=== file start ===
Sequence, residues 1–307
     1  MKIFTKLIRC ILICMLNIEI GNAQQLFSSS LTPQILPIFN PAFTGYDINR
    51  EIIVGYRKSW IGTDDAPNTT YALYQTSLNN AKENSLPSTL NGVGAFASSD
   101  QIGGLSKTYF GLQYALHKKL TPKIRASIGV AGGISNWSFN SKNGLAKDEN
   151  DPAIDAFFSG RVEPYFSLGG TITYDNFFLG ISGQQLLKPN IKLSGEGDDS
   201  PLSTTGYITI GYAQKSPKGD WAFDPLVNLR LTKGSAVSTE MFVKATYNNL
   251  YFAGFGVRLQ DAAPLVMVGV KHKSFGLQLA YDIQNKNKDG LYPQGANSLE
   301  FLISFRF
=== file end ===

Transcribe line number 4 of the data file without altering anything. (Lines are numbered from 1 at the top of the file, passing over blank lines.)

   101  QIGGLSKTYF GLQYALHKKL TPKIRASIGV AGGISNWSFN SKNGLAKDEN